A car battery is designed to last a minimum of five years. The technology used in battery construction has remained basically unchanged in the last 50 years. Some advances in chemicals and packaging have allowed batteries to become essentially maintenance free. However, there are some things that the battery owner can do at home to extend the battery's life. By following a few easy steps the battery can be restored and perform its duties for the vehicle owner.
- Skill level:
- Moderately Easy
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Things you need
- Protective eye wear
- Plastic funnel
- Battery hydrometer
- Battery post/terminal cleaner
- Volt meter with probes
- Battery load tester
- Distilled water
- 6/12-volt battery charger/starter
Open the car bonnet. Put on safety glasses. Remove the battery cables--positive cable first--with a wrench. Remove the battery from the vehicle and place it on a well-lit and sturdy workbench.
Clean the battery posts. Put a battery post cleaner on a battery post and start turning it back and forth until the post becomes bright and shiny. Repeat the process for the other battery post. For a side mount battery, use the wire brush on the other end of the cleaning tool to scrub the battery's cable mounting surface. This brush will also clean the cable ends on both battery types.
Check the voltage. Place the positive probe from a volt meter onto the positive battery terminal and the negative meter probe onto the battery's negative terminal. The meter should read 12 volts. Anything less than 12 volts means there is a problem with at least one cell. If the meter reads 12 volts, you can recondition it.
Remove the cell covers (on non-maintenance free batteries). Place a screwdriver into the slot on top of the cap and turn it counter-clockwise. Remove the cap and set it to the side. Be careful not to spill any of the battery liquid. For maintenance free batteries, proceed to Step 6.
Test the cells. Place the volt meter's positive probe onto the positive battery post and the negative probe in the first cell. If the cell does not read two or more volts on the meter, there is a problem with that cell. Place the positive probe in the first cell and the negative probe into the second cell. Take the reading. Place the positive probe into the second cell and the negative probe into the third cell and take the reading. Move to the next cell and repeat this procedure, testing all cells. The final reading will have the positive probe in the last cell and the negative probe on the negative terminal post. The reading should be zero.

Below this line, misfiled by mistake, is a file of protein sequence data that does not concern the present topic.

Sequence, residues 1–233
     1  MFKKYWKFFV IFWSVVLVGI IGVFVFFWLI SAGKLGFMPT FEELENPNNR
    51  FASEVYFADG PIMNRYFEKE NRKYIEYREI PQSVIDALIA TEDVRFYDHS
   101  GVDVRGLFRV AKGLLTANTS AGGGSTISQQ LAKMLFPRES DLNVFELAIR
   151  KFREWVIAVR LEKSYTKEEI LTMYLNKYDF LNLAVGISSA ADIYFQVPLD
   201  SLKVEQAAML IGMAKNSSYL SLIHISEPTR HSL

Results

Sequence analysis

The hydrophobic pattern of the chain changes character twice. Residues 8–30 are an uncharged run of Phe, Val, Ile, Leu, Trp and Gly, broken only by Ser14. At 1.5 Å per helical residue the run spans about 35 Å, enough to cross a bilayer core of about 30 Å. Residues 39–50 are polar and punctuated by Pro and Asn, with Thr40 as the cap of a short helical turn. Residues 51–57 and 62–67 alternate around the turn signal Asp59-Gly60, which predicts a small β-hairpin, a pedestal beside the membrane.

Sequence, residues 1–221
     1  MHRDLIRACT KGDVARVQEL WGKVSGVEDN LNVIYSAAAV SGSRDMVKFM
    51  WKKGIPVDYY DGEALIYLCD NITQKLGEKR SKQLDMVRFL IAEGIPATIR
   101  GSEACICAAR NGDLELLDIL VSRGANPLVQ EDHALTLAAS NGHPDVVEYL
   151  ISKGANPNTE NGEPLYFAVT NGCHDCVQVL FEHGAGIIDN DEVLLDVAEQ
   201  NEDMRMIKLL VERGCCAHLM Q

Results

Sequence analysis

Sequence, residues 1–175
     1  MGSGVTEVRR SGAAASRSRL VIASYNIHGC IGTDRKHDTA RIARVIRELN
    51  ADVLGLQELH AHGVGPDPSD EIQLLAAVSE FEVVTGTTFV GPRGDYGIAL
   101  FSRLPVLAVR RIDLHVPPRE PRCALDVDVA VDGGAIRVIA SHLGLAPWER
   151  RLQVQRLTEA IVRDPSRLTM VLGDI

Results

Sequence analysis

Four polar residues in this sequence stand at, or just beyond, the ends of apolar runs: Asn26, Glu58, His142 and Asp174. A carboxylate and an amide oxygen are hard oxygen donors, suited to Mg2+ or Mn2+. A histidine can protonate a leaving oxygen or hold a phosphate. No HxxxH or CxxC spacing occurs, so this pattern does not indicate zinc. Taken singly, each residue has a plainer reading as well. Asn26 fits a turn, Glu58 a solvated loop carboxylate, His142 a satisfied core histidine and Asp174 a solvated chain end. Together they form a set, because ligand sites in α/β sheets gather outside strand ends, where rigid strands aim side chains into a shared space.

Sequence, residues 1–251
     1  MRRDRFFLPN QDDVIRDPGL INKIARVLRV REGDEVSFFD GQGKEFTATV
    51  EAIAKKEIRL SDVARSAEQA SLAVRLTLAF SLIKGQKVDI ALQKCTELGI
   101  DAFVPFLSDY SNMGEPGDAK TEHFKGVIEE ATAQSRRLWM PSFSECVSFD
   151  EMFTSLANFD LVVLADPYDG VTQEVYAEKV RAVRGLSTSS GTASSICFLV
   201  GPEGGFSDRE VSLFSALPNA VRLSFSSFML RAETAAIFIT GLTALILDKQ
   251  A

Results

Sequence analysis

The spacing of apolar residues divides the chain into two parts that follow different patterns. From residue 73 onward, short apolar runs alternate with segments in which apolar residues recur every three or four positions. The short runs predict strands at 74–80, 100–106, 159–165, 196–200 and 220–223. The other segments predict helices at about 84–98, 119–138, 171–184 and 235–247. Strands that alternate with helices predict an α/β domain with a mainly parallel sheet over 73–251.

Complete a load test. Connect the positive clamp from the load tester to the positive battery terminal and the negative clamp to the negative post. Switch the load tester to the "On" position and push the test button. If the needle drops below 12 volts and remains there, the battery must be replaced. If the needle drops then returns to 12 volts, the battery can be restored.
Perform a hydrometer test. Squeeze the bulb of the hydrometer several times after inserting the rubber tube into a battery cell. This will stir up the fluid in the cell and give a more accurate reading. Squeeze the bulb and release it, this will suck fluid into the tester. Watch the meter. See which colour the fluid rises to. If it rises to green, the battery is good. If it rises to white the battery is fair. If it rises to red the battery needs a charge.
Use a funnel to add distilled water to any low cells. The fluid should be at least 1/8-inch over the cell plates. Charge the battery for 24 hours with a trickle charger. Return the battery to the vehicle and reattach the battery cables. Close the bonnet.
Tips and warnings
- When charging a dead (or very low) battery, use a slow trickle type charger. A fast charge will do harm to the plates in the battery's cells.
- Always wash any battery fluid off of your skin with plenty of fresh water. The fluid can cause severe burns.
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